Newswise — AMES, Iowa – After decades of growing corn and soybean yields across the Midwest’s Corn Belt, per-acre yields are approaching their theoretical limits. But there’s still a need for more grain to feed people and livestock. 

Where can that grain come from? How can farmers and fields produce even more? Is there a new, sustainable way to boost productivity?

Engineers, geneticists, agronomists, system modelers and machine-leaning experts at Iowa State University and the University of Nebraska-Lincoln think they might have a way. They’re combining their electronics, computing and crop expertise to develop a system that will constantly monitor fields at near single-plant resolution, predict productivity and help farmers manage their water and fertilizer use. 

“The idea is to combine and interact two subsystems – a cyber system and a physical system to solve problems,” said Liang Dong, the project’s leader and an Iowa State University professor of electrical and computer engineering. “We want to build a new CPS (cyber-physical system) to improve agricultural management for crop production, environmental quality and agricultural systems sustainability.” 

The U.S. Department of Agriculture is supporting the collaborative effort with a three-year, $1.05 million grant to Iowa State and Nebraska-Lincoln. 

In addition to Dong, the research team includes Iowa State’s Patrick Schnable, a Charles F. Curtiss Distinguished Professor in Agriculture and Life Sciences, the Iowa Corn Promotion Board Endowed Chair in Genetics, the Baker Scholar of Agricultural Entrepreneurship and director of the Plant Sciences Institute; Michael Castellano, the William T. Frankenberger Professor in Soil Science; Baskar Ganapathysubramanian, the Joseph C. and Elizabeth A. Anderlik Professor in Engineering; Sotirios Archontoulis, associate professor of agronomy; plus Nebraska’s James Schnable, associate professor and the Dr. Charles O. Gardner Professor of Agronomy; and Yeyin Shi, assistant professor and agricultural information system engineer.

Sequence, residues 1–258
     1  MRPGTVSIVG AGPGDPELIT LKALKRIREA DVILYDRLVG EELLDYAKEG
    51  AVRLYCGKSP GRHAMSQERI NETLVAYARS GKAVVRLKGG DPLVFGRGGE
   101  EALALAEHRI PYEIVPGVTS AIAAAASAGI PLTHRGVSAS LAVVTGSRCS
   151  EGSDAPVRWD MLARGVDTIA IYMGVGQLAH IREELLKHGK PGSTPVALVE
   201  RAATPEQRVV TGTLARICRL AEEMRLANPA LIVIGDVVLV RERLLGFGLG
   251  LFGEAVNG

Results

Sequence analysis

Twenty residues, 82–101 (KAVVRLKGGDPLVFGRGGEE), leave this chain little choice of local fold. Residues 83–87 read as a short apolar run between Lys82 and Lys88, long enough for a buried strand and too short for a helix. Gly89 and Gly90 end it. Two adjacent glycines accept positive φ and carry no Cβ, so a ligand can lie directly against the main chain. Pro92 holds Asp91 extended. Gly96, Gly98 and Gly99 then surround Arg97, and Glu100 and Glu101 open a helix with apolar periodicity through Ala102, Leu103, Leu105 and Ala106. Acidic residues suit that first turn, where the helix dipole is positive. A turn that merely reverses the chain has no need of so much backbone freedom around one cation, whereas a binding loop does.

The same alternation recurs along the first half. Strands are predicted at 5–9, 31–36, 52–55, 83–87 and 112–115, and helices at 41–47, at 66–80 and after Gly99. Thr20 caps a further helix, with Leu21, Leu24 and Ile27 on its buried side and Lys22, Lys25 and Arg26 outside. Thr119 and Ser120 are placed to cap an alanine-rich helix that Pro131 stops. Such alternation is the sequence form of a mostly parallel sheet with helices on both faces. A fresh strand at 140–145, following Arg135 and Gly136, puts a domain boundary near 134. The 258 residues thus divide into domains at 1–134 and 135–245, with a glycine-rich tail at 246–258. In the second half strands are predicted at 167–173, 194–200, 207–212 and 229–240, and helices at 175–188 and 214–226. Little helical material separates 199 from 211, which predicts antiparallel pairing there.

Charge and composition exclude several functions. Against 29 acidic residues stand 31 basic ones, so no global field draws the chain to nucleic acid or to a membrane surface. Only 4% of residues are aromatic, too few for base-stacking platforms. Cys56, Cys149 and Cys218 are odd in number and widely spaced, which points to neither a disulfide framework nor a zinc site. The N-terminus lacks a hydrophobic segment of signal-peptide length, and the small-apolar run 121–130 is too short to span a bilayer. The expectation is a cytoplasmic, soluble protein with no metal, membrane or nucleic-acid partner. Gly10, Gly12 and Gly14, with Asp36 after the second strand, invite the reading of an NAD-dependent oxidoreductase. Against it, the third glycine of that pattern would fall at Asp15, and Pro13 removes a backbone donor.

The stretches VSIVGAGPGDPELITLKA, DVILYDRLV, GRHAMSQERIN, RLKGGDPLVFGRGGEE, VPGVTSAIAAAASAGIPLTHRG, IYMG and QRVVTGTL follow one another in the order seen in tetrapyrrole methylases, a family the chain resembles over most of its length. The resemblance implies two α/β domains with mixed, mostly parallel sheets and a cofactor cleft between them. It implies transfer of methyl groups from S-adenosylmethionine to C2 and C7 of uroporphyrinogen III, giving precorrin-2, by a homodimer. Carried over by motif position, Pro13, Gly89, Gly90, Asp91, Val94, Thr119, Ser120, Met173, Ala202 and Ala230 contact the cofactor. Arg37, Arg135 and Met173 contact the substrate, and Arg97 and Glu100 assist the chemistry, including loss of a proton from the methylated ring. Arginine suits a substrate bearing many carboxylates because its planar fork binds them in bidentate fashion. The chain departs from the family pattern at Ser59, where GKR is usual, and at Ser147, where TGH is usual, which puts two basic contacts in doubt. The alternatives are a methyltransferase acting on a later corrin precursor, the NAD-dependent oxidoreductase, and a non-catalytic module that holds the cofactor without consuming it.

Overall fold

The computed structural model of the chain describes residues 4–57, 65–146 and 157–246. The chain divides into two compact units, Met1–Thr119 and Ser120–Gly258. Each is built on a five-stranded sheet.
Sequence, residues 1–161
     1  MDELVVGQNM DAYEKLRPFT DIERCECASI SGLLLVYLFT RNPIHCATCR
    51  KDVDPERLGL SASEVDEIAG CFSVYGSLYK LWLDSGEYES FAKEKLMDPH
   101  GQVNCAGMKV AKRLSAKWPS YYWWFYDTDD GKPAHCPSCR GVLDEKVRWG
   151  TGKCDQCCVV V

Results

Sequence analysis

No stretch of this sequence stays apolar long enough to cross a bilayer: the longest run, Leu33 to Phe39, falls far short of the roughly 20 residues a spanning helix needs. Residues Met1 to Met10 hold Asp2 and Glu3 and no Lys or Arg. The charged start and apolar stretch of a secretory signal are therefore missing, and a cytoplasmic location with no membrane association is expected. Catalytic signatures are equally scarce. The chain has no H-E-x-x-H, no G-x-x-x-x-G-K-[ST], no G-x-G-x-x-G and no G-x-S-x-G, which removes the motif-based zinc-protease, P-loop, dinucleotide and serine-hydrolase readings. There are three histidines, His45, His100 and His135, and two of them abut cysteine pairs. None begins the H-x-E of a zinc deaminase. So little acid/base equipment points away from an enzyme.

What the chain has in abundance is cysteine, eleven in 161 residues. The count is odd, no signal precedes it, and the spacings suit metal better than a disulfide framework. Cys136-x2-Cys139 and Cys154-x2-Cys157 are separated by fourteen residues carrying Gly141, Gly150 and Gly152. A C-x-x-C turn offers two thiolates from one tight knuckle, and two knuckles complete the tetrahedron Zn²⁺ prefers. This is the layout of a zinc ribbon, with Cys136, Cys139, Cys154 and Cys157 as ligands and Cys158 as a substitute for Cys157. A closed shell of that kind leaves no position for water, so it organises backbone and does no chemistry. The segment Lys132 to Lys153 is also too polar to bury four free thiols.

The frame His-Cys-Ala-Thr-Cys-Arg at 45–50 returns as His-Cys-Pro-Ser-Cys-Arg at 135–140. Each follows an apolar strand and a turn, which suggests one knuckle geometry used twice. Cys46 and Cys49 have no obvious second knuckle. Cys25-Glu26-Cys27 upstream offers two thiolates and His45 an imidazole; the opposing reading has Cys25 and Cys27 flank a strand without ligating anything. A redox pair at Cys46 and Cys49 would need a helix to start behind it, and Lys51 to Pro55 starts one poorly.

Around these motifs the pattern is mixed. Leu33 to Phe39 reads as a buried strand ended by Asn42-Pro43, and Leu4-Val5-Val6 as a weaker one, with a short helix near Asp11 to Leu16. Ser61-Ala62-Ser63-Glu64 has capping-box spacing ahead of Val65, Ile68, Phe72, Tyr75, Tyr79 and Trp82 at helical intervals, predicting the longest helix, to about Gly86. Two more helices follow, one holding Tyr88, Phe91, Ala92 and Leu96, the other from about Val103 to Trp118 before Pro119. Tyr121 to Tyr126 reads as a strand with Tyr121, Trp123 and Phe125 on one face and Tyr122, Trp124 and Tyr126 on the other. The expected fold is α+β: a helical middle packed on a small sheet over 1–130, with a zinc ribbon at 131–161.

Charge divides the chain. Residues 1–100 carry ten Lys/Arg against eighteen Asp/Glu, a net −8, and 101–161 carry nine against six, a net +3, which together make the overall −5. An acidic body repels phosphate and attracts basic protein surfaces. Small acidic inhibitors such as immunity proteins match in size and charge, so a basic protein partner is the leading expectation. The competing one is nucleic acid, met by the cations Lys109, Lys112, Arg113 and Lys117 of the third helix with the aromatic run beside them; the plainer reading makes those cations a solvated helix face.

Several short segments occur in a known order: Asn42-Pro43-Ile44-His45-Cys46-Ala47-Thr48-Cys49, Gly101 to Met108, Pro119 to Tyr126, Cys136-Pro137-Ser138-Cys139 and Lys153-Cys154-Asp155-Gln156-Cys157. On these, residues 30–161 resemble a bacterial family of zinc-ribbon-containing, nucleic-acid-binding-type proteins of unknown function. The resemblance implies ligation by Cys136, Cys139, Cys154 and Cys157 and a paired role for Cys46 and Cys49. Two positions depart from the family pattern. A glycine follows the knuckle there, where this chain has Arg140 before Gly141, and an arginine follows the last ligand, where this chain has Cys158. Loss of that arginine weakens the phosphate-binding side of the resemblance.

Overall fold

Dong – who has developed wearable plant sensors, soil water potential sensors and plant and soil nutrient sensors – said the researchers will tie together all kinds of tools as they build and test a data-driven, real-time system: low-cost/high-performance field sensors, whole-field monitoring with sensors mounted on unmanned aerial vehicles, control systems, analytic engines, decision-making algorithms and testbeds. 

The system, for example, could detect that crop plants aren’t as green as they should be and will look for causes such as a lack of water or low levels of nitrogen. 

“By simultaneously detecting plant performance and diagnosing the cause, we can actuate the proper response,” the researchers wrote in a project summary. 

In areas where fields are irrigated, that response could include controlled delivery of water and nitrogen fertilizer to just the areas of a field that need it. That could minimize the amount and cost of fertilizer applications while reducing the amount of fertilizer that runs off fields and feeds harmful algal blooms in rivers, lakes and the Gulf of Mexico. 

The key to this new system is combining and networking many different tools. 

“We have looked at developing sensor-based technological solutions to help agronomists,” Dong said. “We have designed these soil and plant sensors. This time, we’re combining different sensors, models and controls all together to explain and predict plant-soil dynamics at high and unprecedented resolution. We’re generating actionable information for decisions about the control, scheduling and application of water and fertilizer at variable rates along the center pivot of an irrigation system.” 

It’s a high-tech system, sure, but it’s also a down-to-earth way to help farmers build yields and improve sustainability. 

“We hope,” Dong said, “this isn’t science fiction.”

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U.S. Department of Agriculture grant